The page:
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The Homeless Vaccine Initiative

The Covid-19 Pandemic has been incredibly overwhelming for most people at some point over this nearly two-year-long ‘experience’. From learning to isolate yourself from the people you love the most, to altering your career or even having your job taken away. And the vaccination process has been no different, regardless of where you stand on being jabbed or not.

Most people would probably consider the vaccination process far from easy if that’s been deciding whether it’s right for you, or if it was waiting those weeks and months before the letter came through the door, or the endless phone calls you desperately made to your already strained GP practice – ultimately the process is not easy!

However, when you don’t have access to a mobile/landline, or an address that can receive post or be used to register to a GP practice the process is often far too complex to embark on, and thus the homeless population, and what’s vital to stress the often most vulnerable section of society, is forgotten about, as they slip through government policies and are forgotten by GP practices already bursting at the seams with staff under immense pressure.

Nonetheless, one recent and expanding initiative is mobile vaccination centres, that are directly focused on the homeless population. These are typically run by outreach workers who approach all homeless people in the area of the mobile hub for their free Covid-19 vaccination. A drop-in centre dedicated to homeless people. The vaccine not only dramatically reduces the chances of them being seriously ill but hands a homeless person back their freedom as Clothing Collective does through clothing vouchers!

One example is The mobile surgery run by Urban Village in Manchester but others have also popped up in Oldham, Liverpool, and London and are increasing monthly! In Manchester, they have vaccinated around 300 homeless people in three weeks, with this figure relying on various factors, including weather, area, and first and second jab discrepancy.

This figure is low when considering that some vaccine centres can do 300 vaccinations an hour, but the crux of the problem has been finding and maintaining contact for the second jab. With no mobile phones, mail addresses, or fixed locations homeless people are being forgotten. This is why these mobile centres are so vital, especially as many already suffer from chronic conditions and typically spend time in overcrowded spaces.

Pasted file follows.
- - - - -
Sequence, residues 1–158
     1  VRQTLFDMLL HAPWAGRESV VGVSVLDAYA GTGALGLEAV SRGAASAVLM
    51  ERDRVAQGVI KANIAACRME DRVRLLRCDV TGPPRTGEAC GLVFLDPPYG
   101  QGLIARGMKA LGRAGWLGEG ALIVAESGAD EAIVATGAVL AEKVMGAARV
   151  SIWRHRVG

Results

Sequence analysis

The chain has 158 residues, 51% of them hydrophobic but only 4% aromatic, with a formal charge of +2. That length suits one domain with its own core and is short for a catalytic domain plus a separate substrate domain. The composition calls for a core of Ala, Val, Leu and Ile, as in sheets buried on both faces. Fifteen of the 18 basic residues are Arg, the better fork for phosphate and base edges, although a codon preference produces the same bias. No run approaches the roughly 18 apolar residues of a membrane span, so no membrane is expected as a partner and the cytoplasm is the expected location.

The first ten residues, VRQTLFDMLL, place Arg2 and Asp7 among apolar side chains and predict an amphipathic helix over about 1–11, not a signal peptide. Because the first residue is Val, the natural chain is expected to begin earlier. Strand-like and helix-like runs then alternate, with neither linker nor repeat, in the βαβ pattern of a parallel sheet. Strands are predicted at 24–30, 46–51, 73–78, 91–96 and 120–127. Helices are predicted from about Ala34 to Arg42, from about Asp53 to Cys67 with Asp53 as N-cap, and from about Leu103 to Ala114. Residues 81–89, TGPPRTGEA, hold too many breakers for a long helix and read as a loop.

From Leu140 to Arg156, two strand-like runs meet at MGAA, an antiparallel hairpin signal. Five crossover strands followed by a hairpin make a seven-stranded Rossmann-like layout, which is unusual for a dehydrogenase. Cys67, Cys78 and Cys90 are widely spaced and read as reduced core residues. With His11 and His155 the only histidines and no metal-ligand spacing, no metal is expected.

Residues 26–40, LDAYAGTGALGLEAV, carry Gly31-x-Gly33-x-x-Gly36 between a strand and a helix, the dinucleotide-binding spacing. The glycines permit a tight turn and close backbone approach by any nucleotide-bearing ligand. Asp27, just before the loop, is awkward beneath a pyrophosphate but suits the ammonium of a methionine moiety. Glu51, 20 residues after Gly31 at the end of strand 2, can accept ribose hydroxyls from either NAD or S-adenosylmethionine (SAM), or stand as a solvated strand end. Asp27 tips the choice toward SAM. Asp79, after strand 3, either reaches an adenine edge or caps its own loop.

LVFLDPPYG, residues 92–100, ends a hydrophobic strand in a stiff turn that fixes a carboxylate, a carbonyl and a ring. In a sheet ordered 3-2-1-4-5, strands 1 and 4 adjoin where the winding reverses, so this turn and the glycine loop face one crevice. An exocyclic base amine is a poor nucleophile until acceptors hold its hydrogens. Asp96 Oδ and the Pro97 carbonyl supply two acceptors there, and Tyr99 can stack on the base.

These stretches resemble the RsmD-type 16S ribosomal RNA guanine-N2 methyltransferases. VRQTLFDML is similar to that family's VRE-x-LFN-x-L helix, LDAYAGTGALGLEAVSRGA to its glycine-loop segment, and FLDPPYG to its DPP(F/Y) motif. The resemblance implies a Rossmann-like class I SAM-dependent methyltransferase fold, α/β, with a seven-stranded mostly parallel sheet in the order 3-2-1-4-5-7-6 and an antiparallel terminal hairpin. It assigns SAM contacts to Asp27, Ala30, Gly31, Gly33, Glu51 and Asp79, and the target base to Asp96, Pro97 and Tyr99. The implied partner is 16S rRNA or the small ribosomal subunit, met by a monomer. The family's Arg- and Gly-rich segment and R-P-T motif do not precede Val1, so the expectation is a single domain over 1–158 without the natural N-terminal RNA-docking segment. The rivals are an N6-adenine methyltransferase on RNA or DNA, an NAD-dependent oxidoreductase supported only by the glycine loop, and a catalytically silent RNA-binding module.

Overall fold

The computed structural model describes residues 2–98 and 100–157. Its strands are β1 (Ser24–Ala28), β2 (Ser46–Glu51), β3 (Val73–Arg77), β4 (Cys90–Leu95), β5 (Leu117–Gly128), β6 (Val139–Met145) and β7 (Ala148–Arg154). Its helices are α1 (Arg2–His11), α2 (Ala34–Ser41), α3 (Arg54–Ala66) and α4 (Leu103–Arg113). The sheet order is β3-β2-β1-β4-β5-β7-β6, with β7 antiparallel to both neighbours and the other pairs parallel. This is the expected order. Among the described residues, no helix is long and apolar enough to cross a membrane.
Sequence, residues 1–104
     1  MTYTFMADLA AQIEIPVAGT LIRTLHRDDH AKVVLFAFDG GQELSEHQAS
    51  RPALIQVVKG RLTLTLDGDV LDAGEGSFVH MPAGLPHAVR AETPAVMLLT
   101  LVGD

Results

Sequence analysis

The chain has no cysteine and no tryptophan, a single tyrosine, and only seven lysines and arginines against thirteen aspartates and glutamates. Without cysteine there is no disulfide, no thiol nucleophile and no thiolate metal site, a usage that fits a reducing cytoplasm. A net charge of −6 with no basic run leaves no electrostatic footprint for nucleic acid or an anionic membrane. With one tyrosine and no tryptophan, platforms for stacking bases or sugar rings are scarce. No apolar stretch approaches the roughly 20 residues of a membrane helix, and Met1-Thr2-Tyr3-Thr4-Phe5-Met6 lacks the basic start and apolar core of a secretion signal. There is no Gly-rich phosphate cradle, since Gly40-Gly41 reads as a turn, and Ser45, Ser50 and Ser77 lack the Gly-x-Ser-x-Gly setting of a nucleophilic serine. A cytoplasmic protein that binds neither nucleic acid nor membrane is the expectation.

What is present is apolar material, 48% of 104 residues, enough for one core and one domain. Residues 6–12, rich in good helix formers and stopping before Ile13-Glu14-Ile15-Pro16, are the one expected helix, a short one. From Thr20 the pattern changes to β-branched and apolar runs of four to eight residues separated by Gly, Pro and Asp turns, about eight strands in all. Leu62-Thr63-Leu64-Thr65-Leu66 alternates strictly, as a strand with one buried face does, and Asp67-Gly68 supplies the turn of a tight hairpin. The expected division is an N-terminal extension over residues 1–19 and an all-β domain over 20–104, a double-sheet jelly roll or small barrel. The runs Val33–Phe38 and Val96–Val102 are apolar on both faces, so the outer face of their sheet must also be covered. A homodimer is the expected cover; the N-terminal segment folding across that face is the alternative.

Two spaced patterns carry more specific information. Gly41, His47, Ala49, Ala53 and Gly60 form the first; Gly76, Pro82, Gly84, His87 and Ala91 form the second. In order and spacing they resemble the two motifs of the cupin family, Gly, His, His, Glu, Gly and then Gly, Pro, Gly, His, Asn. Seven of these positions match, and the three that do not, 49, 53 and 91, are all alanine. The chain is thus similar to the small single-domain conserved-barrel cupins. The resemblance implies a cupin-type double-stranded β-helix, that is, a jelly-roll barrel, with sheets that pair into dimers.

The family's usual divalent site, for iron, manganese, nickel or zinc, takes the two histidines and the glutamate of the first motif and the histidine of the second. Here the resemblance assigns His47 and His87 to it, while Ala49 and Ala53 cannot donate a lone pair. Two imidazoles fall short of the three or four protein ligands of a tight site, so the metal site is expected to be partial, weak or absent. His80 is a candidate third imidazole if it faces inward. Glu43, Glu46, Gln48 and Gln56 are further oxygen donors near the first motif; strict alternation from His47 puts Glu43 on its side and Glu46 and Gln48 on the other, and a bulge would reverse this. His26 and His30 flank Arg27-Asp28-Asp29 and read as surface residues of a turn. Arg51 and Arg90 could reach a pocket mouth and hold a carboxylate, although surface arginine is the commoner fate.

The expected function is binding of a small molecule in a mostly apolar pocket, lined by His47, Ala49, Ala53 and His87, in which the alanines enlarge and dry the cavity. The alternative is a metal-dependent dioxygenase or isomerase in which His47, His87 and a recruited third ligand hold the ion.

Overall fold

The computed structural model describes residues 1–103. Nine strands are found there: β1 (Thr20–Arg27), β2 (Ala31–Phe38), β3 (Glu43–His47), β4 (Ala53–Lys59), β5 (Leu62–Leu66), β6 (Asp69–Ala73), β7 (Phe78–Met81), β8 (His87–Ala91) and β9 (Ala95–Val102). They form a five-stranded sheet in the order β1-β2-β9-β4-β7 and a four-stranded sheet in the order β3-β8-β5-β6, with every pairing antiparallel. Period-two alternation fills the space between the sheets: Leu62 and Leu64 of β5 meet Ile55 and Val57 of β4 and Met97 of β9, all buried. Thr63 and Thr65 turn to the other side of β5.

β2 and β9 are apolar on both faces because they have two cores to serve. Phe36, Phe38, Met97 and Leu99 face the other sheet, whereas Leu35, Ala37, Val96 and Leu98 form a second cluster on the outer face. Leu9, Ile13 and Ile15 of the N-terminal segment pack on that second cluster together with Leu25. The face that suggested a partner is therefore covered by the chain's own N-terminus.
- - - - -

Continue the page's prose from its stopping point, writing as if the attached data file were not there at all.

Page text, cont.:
The vaccination process has been criticised by many, including Jon Sparkes the chief executive of Crisis, for its lack of clarity around homeless people’s right to a vaccine and how they can be effectively jabbed, and crucially double-jabbed. Homeless people are yet again facing the postcode lottery, if they are not in specific and often sporadic locations that have these mobile centres focused on homeless people then they are left at risk, while the rest of society is opening up. Their health is being left to chance.

There is a need for better guidance from the NHS and the government specifically on health inequalities and how local authorities should respond, as its currently resulting in a mixed response in which homeless people’s choice to take the vaccine is taken out of their hands. Homeless people are just as important as anyone and therefore, vaccinations should be equally as accessible to the homeless and the housed.

Urban Village has found that around 2/3 of those offered have accepted, as the scheme appears to be indicating that lower vaccine uptake in the homeless is not from objection but limited access! How many people relied on technology or a post box to gain access to a vaccine and thus mobile units directly aimed at the unhoused is one of the best options to providing health equality. Nonetheless, this does not solve the issue, as the current problem is the second jab! Without phones and fixed addresses doubling jabbing is a long and laborious process as homeless services work tirelessly to track down individuals making the uptake unintentionally and unavoidably slow within the homeless community.

This has resulted in some believing that one is better than none, or the 12-week gap being stretched or reduced, which is against government advice. Yet again homeless people are subject to lesser standards than the housed as a direct result of their social and economic positions, their health is compromised.

The government and the NHS are working on various models to try and solve this conundrum of access for the homeless, a problem that desperately needs solving to ensure the health of those living on the streets is not at risk because of their situation.



If YOU would like to help those in need, you can make donations to the Clothing Collective [here]

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